Governor called on to veto giveaway of voter-approved transit funding

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Sound Transit and local elected and community leaders are calling on Gov. Gary Locke to veto a bill that would allow private companies to walk away with more than $50 million in voter-approved local funding for Link light rail and Sounder commuter rail.

The legislation, SB 5632, would shift the financial burden for relocating private utilities such as phone lines in roadways and other public right of ways from the private sector to the public, significantly reducing funding for rail transit and establishing a dangerous precedent.

"This is a bad law created to benefit a private interest," said Sound Transit Board Vice Chair and Pierce County Executive John Ladenburg. "With the transportation crisis we're facing, this is the last thing the taxpayers of our region need. Governor Locke needs to stop this blatant raid on public tax dollars dead in its tracks."

Under current law, private utilities such as telecommunications companies are allowed to install their lines in publicly owned right of ways, often free of charge. However, the law recognizes the primary purpose of the right of ways is meeting the public's transportation needs. Local elected officials can require a private utility to relocate its facilities at its own expense rather than the public's.

The law would create a sole exception to this rule for costs of relocations needed to complete Sound Transit's regional mass transit network, including light rail, commuter rail, regional bus service and supporting projects such as transit centers and park-and-ride facilities. In diverting more than $50 million tax dollars it would establish a precedent that private utilities could cite in targeting other public governments to cover costs previously borne by the private sector.

"Every taxpayer should be concerned about this blatant attempt by Qwest, a private company based in Denver, to rob the taxpayers in the Sound Transit's district of funds that should be spent on much needed transit choices. $50 million is more than enough to pay for half of Sound Transit's fleet of light rail trains. This bill would significantly worsen the challenges of fixing our region's transportation mess," said Peter Hurley, executive director of Transportation Choices Coalition.

The bill's passage followed an unsuccessful court battle Qwest waged against Sound Transit and the City of Tacoma. The company filed a lawsuit seeking to avoid costs of utility relocations to enable the construction of the Tacoma Link light rail line, scheduled to open in September. The company lost in court but succeeded in misleadingly arguing before the Legislature that it would have no choice but to pass relocation costs on to phone customers.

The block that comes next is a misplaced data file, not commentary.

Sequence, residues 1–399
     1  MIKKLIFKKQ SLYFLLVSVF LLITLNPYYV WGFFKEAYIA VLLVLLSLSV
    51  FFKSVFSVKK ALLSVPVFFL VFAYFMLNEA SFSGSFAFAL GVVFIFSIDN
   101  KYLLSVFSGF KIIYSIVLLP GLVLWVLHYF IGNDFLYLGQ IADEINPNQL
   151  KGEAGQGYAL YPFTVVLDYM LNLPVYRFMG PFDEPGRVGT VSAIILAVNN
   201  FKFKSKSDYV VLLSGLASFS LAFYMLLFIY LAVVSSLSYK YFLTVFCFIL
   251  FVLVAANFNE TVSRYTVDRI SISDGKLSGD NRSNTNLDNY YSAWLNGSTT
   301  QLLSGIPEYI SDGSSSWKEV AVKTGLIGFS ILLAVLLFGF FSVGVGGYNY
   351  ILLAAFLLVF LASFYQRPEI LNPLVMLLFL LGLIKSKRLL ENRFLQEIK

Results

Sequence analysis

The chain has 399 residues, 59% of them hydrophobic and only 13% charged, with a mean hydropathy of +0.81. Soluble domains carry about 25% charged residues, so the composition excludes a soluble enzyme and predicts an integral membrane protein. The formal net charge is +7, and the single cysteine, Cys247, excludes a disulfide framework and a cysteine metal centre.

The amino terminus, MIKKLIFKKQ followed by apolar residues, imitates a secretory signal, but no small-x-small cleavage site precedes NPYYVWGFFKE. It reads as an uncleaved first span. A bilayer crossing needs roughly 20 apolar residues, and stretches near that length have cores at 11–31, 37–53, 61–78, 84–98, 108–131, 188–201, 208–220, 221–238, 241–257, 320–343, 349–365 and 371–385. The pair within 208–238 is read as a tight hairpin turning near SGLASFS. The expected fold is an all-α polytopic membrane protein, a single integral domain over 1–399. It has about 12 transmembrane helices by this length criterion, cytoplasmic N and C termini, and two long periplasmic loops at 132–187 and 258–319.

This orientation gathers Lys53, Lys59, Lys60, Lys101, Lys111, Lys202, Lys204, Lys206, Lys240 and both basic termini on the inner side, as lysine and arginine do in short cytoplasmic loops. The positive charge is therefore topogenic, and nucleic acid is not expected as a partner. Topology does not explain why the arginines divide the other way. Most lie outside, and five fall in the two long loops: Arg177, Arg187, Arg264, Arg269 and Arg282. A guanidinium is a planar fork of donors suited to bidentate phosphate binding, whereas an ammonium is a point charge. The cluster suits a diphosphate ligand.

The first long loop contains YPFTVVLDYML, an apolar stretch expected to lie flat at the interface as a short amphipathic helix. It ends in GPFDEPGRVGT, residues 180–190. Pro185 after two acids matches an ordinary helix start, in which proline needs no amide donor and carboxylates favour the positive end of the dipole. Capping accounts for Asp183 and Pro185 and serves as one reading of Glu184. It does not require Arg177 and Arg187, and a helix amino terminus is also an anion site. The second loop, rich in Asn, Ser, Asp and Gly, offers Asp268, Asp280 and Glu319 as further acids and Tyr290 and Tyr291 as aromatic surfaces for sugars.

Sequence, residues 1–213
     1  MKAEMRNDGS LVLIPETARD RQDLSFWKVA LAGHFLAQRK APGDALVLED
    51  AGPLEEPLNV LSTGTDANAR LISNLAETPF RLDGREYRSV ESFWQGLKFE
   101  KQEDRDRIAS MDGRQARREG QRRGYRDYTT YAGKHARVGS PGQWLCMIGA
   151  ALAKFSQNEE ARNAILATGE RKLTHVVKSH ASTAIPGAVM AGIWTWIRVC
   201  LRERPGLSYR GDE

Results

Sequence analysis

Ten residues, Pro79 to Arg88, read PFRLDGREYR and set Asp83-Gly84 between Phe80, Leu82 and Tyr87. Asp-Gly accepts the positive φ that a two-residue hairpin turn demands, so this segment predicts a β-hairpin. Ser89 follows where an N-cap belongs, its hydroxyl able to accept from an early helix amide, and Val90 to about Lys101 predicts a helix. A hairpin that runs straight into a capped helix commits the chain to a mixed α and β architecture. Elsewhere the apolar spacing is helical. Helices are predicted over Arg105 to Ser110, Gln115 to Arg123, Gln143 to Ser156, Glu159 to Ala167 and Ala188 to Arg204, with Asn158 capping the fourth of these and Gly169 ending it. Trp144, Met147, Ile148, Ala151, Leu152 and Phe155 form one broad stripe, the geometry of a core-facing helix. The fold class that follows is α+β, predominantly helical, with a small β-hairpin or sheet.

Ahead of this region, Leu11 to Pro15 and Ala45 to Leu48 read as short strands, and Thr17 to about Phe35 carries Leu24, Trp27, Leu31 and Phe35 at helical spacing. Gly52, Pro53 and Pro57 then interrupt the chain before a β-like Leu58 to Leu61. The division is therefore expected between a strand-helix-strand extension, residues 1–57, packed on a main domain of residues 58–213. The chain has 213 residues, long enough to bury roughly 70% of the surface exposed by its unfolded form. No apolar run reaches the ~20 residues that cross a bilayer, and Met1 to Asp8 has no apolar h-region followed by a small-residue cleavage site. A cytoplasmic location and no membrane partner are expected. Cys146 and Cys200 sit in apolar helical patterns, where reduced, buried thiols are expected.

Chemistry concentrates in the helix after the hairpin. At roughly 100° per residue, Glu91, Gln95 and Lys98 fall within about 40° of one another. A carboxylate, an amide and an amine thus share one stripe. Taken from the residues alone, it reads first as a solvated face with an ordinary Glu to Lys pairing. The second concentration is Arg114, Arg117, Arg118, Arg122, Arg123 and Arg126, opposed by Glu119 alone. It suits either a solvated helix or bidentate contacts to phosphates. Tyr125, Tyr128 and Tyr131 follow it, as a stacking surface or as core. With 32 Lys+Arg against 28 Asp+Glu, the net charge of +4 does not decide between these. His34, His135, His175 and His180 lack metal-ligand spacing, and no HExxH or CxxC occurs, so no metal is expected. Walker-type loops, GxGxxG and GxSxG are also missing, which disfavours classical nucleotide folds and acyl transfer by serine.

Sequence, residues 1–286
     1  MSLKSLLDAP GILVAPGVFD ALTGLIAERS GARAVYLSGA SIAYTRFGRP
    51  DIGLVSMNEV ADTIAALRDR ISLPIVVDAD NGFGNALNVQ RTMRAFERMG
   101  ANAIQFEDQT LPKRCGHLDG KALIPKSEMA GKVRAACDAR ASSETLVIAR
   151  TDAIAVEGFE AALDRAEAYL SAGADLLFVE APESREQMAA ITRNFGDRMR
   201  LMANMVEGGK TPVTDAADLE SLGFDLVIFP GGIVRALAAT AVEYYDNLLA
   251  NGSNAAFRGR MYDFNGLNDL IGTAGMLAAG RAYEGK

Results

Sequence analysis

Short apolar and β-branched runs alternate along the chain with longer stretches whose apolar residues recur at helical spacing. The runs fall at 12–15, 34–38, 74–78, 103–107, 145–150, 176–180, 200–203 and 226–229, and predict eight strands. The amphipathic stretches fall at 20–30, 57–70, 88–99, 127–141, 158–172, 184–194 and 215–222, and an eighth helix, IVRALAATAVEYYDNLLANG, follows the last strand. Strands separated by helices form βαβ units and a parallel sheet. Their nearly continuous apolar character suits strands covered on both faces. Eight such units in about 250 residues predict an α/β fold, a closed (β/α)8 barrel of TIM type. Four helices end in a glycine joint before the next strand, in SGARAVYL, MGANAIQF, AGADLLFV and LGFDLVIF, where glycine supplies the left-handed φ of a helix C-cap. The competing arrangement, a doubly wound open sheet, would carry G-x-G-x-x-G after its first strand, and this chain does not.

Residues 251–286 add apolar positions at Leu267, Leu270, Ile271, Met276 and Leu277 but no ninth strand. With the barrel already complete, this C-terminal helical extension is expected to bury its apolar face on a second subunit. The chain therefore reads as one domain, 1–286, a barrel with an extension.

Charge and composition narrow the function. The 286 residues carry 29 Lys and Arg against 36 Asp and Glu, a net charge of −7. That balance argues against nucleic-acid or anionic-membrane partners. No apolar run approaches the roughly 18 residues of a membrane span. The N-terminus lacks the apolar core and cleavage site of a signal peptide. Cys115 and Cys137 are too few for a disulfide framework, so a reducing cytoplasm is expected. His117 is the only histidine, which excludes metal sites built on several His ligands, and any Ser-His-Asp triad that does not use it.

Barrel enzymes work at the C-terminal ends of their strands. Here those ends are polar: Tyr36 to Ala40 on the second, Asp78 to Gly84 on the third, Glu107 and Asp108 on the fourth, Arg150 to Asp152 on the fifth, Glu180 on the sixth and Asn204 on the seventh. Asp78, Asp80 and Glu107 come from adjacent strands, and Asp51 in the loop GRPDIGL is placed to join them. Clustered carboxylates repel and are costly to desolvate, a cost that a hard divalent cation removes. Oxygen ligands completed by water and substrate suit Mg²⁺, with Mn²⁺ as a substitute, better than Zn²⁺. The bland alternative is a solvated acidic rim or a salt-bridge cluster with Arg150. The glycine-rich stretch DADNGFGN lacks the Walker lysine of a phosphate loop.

To the contrary, however, a Qwest representative testified in the lawsuit that "there is no guarantee that the WUTC (Washington Utilities and Transportation Commission) would grant a rate increase and it is very unlikely that any rate increase, if granted, would become effective before 2004."

"This would be a dangerous precedent that could cost cities and counties throughout the state millions and millions of dollars and end up with our taxpayers footing the bill," said Sound Transit Board member Chuck Mosher, who is also the President of the Association of Washington Cities and a member of the Bellevue City Council. "Even though this is represented as a ‘special case' decision, it will likely result in broad and costly impacts and must be stopped."

Mosher pointed out that cities and counties already provide public rights of way usually at no cost to the utilities and should not have to pay to have utilities move their facilities for new transportation projects.

"It's not right that a public entity like Sound Transit should have to pay for moving Qwest's lines," said Pat Matteson, Transportation Chair of the League of Women Voters of Washington.

"Expanding transportation options and protecting our quality of life, economy and environment depends on expanding, not reducing, resources for local elected representatives to build critical projects," said Craig Engleking, Sierra Club lobbyist. "We are confident Gov. Locke will veto this special interest bill that Qwest slipped past the Legislature."

"This is an issue that significantly impacts jobs at a time when we've already got plenty of economic challenges. Reducing the public's ability to build transit projects also takes money from working families and undermines our local economies," said Jim Fitzgerald, president of the Amalgamated Transit Union Legislative Council.

In addition to the direct fiscal implications of the legislation, it would also effectively give Qwest and other private companies veto powers over designing and locating future transit projects, establishing negotiation requirements that utilities could use to cause significant project delays and further increase costs.


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Sound Transit plans, builds and operates regional transit systems and services to improve mobility for Central Puget Sound.